To date, several lines of evidence indicated that the Nef protein exerted such a role. First, Nef-mediated activation of T cells has been demonstrated in a number of reports (8– 10). Second, expression of Nef in the cytoplasm of T cells interferes with early T cell signaling events emanating from the TCR–CD3 complex, including hypophosphorylation of TCR-ζ, whereas expression of a plasma membrane– associated form of Nef causes AICD in Jurkat cells (8). Third, a very aggressive form of Nef from SIV, SIV-YE-Nef, basically functions like an ITAM domain of TCR-ζ (38). Finally, SIV-induced upregulation of FasL in T cells depends on the expression of an intact Nef protein (22), and Nef from a lethal SIV strain (smmPBj14) alone can directly cause FasL upregulation (39). Thus, it appeared very likely that Nef acted at the level of the TCR. Indeed, our study confirms this assumption by showing that Nef can directly interact with the TCR ζ chain.

Strong evidence for the interaction of Nef with ζ came from a second, surprising finding. In Jurkat cells lacking the TCR, binding of the Nef-associated serine kinase p62/NAK was abolished. Conversely, reconstitution of these cells with the ζ ITAM 2 and 3 restored binding of p62/NAK with Nef. Furthermore, the integrity of the ITAM motif appeared to be important, since mutation of the ζ ITAMs greatly reduced the effect. As shown previously, the p62/NAK kinase has to be activated in order to bind to Nef (32). These results suggest a dynamic interaction of Nef with the ζ ITAMs, ultimately resulting in the activation of p62/NAK, which in turn binds to Nef. In view of our and other studies, it is likely that activation of p62/NAK is part of Nef-mediated stimulation of T cell signaling pathways; however, at this point it is not clear whether p62/NAK has a role in the Nef-mediated upregulation of FasL. Notably, Nef binds to p62/NAK in cells lacking a TCR (31; e.g., COS cells). In these cells, the TCR ζ chain may be functionally replaced by other receptors, possibly containing ITAMs. This would explain why Nef has effects in cells usually not infected by HIV (40; e.g., NIH 3T3 cells).

More recently, Howe et al. showed that Nef from SIV or HIV-2 associated with the TCR ζ chain but failed to show an interaction with HIV-1 Nef (41). Our study differs from that of Howe et al. in at least two respects. First we made constructs to target Nef to the plasma membrane where the TCR is located. Second, we have established functional consequence of the Nef–ζ interation which may have relevence to the pathogenesis of HIV interaction.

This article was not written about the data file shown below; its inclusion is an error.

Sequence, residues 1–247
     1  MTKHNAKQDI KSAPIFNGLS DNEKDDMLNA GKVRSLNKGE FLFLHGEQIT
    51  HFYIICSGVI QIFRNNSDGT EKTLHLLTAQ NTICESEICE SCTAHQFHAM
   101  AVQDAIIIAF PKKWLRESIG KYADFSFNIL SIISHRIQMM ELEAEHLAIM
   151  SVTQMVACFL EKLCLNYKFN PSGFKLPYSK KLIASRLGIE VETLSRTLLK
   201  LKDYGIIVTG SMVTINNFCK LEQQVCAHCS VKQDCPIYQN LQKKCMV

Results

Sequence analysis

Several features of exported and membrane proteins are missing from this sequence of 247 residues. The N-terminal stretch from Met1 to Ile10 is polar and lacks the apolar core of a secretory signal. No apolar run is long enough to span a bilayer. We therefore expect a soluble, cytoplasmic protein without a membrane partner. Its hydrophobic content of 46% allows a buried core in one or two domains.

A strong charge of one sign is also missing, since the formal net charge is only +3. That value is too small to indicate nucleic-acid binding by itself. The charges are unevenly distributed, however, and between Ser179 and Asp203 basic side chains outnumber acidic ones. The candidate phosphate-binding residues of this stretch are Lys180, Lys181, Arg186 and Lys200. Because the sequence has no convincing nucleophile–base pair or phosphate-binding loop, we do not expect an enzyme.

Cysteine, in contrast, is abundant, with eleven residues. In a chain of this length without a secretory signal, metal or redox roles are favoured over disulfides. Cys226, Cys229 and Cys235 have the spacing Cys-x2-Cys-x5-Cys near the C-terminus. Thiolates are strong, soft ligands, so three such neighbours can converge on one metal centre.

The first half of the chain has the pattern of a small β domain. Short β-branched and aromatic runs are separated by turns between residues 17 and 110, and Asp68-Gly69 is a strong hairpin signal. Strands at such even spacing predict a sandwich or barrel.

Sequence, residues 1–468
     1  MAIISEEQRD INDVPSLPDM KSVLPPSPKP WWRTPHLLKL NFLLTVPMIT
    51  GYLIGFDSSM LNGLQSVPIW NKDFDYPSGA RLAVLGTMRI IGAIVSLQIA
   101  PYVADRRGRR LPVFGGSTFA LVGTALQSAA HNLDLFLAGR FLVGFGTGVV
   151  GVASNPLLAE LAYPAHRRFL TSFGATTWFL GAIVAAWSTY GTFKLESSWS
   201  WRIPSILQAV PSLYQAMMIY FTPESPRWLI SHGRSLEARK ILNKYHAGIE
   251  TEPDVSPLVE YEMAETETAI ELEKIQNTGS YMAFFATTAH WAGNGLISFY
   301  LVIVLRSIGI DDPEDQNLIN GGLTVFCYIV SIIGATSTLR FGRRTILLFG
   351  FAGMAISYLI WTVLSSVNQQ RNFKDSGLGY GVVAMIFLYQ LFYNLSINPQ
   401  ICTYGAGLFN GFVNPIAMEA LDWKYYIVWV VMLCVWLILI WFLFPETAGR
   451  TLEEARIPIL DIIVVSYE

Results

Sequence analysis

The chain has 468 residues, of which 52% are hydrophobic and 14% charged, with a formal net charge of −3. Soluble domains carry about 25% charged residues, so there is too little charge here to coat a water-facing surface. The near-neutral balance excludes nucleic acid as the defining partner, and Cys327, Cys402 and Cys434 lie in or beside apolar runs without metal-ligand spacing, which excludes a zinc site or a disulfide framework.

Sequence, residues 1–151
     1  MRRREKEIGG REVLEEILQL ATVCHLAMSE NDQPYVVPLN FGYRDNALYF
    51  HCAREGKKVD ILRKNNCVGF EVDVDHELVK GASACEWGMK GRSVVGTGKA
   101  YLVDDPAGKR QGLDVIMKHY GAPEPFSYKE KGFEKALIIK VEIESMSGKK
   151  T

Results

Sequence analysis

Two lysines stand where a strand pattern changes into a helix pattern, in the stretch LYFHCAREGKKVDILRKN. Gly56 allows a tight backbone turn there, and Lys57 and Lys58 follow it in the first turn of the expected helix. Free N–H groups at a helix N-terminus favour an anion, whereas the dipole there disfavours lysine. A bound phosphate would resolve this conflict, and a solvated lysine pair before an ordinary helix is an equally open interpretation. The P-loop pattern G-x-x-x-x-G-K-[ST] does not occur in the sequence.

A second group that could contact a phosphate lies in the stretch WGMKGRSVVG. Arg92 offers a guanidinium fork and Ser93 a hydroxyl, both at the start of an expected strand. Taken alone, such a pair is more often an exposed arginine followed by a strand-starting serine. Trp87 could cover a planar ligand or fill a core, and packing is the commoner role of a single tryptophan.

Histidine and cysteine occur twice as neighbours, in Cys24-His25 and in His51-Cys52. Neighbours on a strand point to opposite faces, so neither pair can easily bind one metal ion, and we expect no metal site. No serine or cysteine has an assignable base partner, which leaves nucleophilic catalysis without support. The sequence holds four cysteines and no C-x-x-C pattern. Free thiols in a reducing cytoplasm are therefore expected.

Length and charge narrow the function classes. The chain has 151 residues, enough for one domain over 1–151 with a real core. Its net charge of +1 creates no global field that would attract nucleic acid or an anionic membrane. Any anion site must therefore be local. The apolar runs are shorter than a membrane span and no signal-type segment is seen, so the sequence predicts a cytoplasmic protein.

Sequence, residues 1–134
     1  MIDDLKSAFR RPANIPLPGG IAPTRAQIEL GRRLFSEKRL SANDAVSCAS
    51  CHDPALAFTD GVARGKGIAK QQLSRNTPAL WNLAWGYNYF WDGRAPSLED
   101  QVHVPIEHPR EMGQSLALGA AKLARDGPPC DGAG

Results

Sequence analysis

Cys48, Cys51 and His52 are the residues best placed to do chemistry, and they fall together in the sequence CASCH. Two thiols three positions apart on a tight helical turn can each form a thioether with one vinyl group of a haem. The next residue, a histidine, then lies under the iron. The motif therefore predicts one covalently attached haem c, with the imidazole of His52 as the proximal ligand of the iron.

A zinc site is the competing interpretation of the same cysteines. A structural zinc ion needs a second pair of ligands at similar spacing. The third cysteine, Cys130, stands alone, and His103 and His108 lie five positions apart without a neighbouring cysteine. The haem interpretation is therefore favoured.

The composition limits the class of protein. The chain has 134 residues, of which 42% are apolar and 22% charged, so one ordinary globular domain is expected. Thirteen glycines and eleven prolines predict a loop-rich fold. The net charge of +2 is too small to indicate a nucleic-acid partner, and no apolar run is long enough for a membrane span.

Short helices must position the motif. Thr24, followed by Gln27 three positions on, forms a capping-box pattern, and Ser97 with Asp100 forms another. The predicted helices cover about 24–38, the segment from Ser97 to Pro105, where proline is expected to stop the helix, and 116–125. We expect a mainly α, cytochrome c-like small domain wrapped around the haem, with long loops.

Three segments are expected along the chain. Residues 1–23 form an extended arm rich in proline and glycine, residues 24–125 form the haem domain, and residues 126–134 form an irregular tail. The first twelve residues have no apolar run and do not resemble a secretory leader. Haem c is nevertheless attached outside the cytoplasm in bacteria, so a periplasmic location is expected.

Induction of cell death by HIV could be mediated by different viral proteins. Cross-linking of CD4 by HIVgp120 in the presence of Tat protein can induce FasL expression and apoptosis of uninfected T cells (42). Additionally, interaction of HIVgp120 with chemokine receptor CXCR4 on macrophages leads to death of CD8+ T cells mediated by TNF–TNFRII interaction (15). In this study, we report an additional important mechanism of HIV-mediated apoptosis by demonstrating that Nef directly interacts with TCR-ζ and that both molecules are required for HIV-mediated upregulation of FasL. The interaction between Nef and TCR-ζ forms a signaling complex, bypassing the requirement for TCR ligation by antigen, and allowing HIV/SIV to activate T cells and upregulate FasL expression on the infected cells.

Thus, upregulation of FasL by Nef on HIV- or SIV- infected cells may, like FasL expression at sites of immune privilege and on some tumors, allow infected cells to evade the immune response. In addition, the effect of immune evasion is enhanced by Nef-mediated downregulation of surface MHC class I and CD4 expression (5, 6, 22, 43–46; see Fig. Fig.7).7). Taken together, our results provide additional insights into the molecular mechanism whereby the HIV accessory protein Nef regulates T cell activity and contributes to the pathogenesis of HIV.

Figure 7
Model describing mechanisms of immune evasion mediated by the HIV nef gene. Nef is expressed in the early viral life cycle and, after myristoylation, associates with the plasma membrane where several protein interactions take place. Nef interacts ...

Acknowledgments

We thank Drs. Tao Dong for help in virus infection and p24 assay, Xiangdong Liu for the pFasL-luc construct, Ralph Grassman for the pCTax construct, and Arthur Weiss for Jurkat mutant cell lines.

This study was supported in part by the Commonwealth AIDS grant (Australia), the Medical Research Council and the Wellcome Trust (UK), and the Deutsche Forschungsgemeinschaft (Germany).

Abbreviations used in this paper

aa
amino acid(s)
AICD
activation- induced cell death
ITAM
immunoreceptor tyrosine-based activation motif
mu
mutant
NAK
nef-associated kinase
RT
reverse transcriptase
SIV
simian immunodeficiency virus

Footnotes

X.-N. Xu, B. Laffert, and G.R. Screaton contributed equally to this work.